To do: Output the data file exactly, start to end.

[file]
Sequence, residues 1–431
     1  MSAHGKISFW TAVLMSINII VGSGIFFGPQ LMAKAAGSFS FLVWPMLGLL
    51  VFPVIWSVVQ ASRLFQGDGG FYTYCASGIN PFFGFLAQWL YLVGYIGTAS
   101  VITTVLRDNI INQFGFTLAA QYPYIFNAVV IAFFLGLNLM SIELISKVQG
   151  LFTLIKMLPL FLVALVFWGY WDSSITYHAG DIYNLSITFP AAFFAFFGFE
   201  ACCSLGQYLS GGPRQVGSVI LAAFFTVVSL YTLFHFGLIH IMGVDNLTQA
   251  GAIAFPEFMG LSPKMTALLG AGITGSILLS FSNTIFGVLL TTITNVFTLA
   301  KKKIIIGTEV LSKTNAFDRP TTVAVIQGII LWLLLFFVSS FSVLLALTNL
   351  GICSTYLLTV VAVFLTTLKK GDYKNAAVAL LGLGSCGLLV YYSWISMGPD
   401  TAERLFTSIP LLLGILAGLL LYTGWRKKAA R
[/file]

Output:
Sequence, residues 1–431
     1  MSAHGKISFW TAVLMSINII VGSGIFFGPQ LMAKAAGSFS FLVWPMLGLL
    51  VFPVIWSVVQ ASRLFQGDGG FYTYCASGIN PFFGFLAQWL YLVGYIGTAS
   101  VITTVLRDNI INQFGFTLAA QYPYIFNAVV IAFFLGLNLM SIELISKVQG
   151  LFTLIKMLPL FLVALVFWGY WDSSITYHAG DIYNLSITFP AAFFAFFGFE
   201  ACCSLGQYLS GGPRQVGSVI LAAFFTVVSL YTLFHFGLIH IMGVDNLTQA
   251  GAIAFPEFMG LSPKMTALLG AGITGSILLS FSNTIFGVLL TTITNVFTLA
   301  KKKIIIGTEV LSKTNAFDRP TTVAVIQGII LWLLLFFVSS FSVLLALTNL
   351  GICSTYLLTV VAVFLTTLKK GDYKNAAVAL LGLGSCGLLV YYSWISMGPD
   401  TAERLFTSIP LLLGILAGLL LYTGWRKKAA R